Saturday, September 23, 2006
"If you can't say anything nice..."
Millet, AB. Sept. 4-17
We got a little lost on our way to Nordic Place. Communication wasn't clear, I didn't realize D and M's home wasn't actually on the farm. We turned left up the drive. Our jaws dropped.
A rolling lawn edged with geraniums in every color led to a stunning tudor-style home. I checked the address, again. Jake the dog greeted us. After a round of introductions, we headed for the field, a 10 mile drive from the house. I eyed M's water shoes and D's sandals and was assured my flip-flop were appropriate for a farm touch and a quick weeding session. M handed my a butter knife from the kitchen drawer, laughing at her lack of weeding tools. M dropped us off at one end and ducked back into the car, and drove to check the strawberries. D drove the truck, walked a dozen steps in the dirt and settled onto the tractor. I stepped on thorns, stubbed my toe on a rock, pulled my knife from my pocket and watched Elka struggle to pull dandelions with a screwdriver. We watched the sun set form the field. Burnt orange over the RV lot surrounding us.
M and D opened their home to us. They shared their washing machine and protein powder. We relaxed in their hot tub, played a couple games of pool and made good use of our access to wifi. Their house-mate offered us a lesson in horse-care and took the kids for a ride. When a storm rolled in and we pulled our sleeping bags in to the basement, they didn't object. Plus, they gave us a coupon, a trial visit to their time-share at Fairmont. All they asked in return, was our labor.
It was Sunday, the much anticipated and often announced "day off." We were preparing to leave, as were the other wwoofers, so M chewed a piece of original-flavored jerky and left instructions to Tomo alone.
"Today I'll have y ou do my beef jerky...It won't take long...People really like my jerky, it doesn't have msg...You just have to cut it and weigh it..."
I turned my back, reached for the scale and said nothing. Tomo assured us that she didn't need help, that we should finish packing and go. Ridiculous. The quick little task took 5 vegetarians and 2 omnivores about an hour. My hands smelled of teriyaki for days. And still, this was a better job than the tomatoes.
We tried to estimate, maybe a million? Ayumi says "billion." In a rush to beat the frost, we pulled all the tomato plants from the fields. Truckload after load of vines heavy with green tomatoes came back to the house, to the quanset. At first, Tomato Island was funny. Then outrageous, cruel, exhausting and finally, just sad. We pulled tons (literally?) of unripe fruit, sorting and storing on cardboard trays. I tried, tactfully, to raise my doubts about the operation. Beyond that, I was relieved knowing I wouldn't be there to clean up the rotting mess.
The peppers went through the same process. I suggested that in my experience, ripe bell peppers won't keep well in a sun-lit windowsill. A few days later, hours of our work sat wilting, wrinkled, decaying. And something didn't smell quite right.
"You didn't spray Round-Up on those did you?" Andreas asked, loading 100's of bags on to his truck. D shook his head, no. "I can't sell them if you do. Spray the tops and the potatoes will rot, turn to mush... They won't be organic..." We spent days in the potato fields, harvested maybe 40,000 pounds of yellow, purple and red potatoes.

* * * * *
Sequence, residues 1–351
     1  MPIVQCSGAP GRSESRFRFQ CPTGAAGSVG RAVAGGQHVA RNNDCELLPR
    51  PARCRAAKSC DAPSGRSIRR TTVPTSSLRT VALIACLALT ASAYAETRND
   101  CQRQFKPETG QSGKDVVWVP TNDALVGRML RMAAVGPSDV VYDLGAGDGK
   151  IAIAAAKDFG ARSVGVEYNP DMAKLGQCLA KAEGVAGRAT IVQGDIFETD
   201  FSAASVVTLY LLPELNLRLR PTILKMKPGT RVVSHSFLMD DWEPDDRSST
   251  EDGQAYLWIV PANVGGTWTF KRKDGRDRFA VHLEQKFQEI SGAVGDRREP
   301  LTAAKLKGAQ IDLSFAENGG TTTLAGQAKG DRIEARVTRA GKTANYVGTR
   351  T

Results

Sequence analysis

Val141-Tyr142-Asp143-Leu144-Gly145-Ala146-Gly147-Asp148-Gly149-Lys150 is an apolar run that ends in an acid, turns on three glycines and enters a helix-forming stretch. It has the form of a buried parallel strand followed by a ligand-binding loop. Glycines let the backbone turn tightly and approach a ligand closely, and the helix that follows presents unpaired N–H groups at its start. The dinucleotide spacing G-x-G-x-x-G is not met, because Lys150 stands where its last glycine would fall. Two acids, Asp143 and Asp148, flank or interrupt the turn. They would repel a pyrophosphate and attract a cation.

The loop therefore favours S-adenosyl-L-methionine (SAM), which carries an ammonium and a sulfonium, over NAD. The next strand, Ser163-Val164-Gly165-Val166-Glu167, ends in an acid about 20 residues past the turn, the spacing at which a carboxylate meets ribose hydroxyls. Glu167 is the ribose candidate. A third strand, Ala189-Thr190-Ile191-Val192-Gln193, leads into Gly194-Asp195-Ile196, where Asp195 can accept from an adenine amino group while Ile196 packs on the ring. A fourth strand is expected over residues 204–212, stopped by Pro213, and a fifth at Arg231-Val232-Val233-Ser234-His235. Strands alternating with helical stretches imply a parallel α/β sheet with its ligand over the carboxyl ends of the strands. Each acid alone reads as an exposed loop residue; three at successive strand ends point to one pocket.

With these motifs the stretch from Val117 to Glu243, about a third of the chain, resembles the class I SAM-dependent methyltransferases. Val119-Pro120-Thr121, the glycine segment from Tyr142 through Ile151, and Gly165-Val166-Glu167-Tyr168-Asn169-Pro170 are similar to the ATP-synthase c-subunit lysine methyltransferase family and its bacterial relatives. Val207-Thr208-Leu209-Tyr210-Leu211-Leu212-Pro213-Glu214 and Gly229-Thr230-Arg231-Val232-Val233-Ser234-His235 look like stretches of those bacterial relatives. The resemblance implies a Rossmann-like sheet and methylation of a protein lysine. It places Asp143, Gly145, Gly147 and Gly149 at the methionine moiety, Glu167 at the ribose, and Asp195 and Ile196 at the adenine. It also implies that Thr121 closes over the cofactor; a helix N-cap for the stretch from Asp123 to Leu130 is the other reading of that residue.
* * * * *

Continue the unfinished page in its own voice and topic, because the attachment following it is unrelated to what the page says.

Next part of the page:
We amused ourselves finding some with little toes or snowman potatoes. I rested my collection of field-finds on the car bumper, to document later. Hours behind the harvester and our forearms were bruised, lungs full of dust but thankfully, no broken fingers. Yet. "All right, two of you can take a break, so whoever is tired, can go home," D announced to the four of us. I pointed out that we were all tired and wanted to explain that we'd just assume stay and finish rather than come again tomorrow. Too late. D snached his cell phone, slammed the car door and I lost my special collection to a passive aggressive fit. "Fine, all of you just go," D yelped. And we did.
That's when I heard the plan. M is a business woman, in five years she hopes to sell the farm and her "preferred customer" farmer's market. The goal is to turn a $1 investment in medicinal herbs into $60 profit. She's got investors. It's a pyramid of sorts. Marketing means phone call when we clean the onions. More calls when we freeze the berries. If she comes out of her office as we prep the beans, we're to push her back in. She'll tell us about her calls twice during dinner, and disappear until the dishes are done.
At breakfast, Ukiah made toast and shook his head. "I'm confused. It's an organic farm but they don't eat organic food?" My own confusion prompted observations, followed by depression and interestingly, a growing sense of compassion. No composting at the field or at the house. 10 car trips to and from the field in one day, sometimes to bring forgotten butter knives. No band-aids, safety goggles or gloves. An extensive collection of self-help books. No other books. A field of shredded black plastic, weed barrier not removed before harvest or after. No mulch. "What is this squash or pumpkin? How do you cook squash?" No speaking directly to the women from Japan ("or Korea, or where ever" as D put it.) No fresh ginger or garlic. No dried dill or nutmeg. No "thank you". No conversation they didn't start.
Time is precious, even on the road. Thanks to our new friends, woofers from Ireland, Australia and Japan, for making it all worth while. Together, we cooked, shared photos, told stories, drove (filthy after hours in the field) to the beer store, and ate chocolate. Their acknowledgement of the surrounding absurdity kept me grounded.
The morning we left, M dumped a 50 pound bag of potatoes, confirming what I'd smelled for days. Their skins weren't broken, they weren't scared. Just disintegrating. Rotten. Mush.
We learned a lot.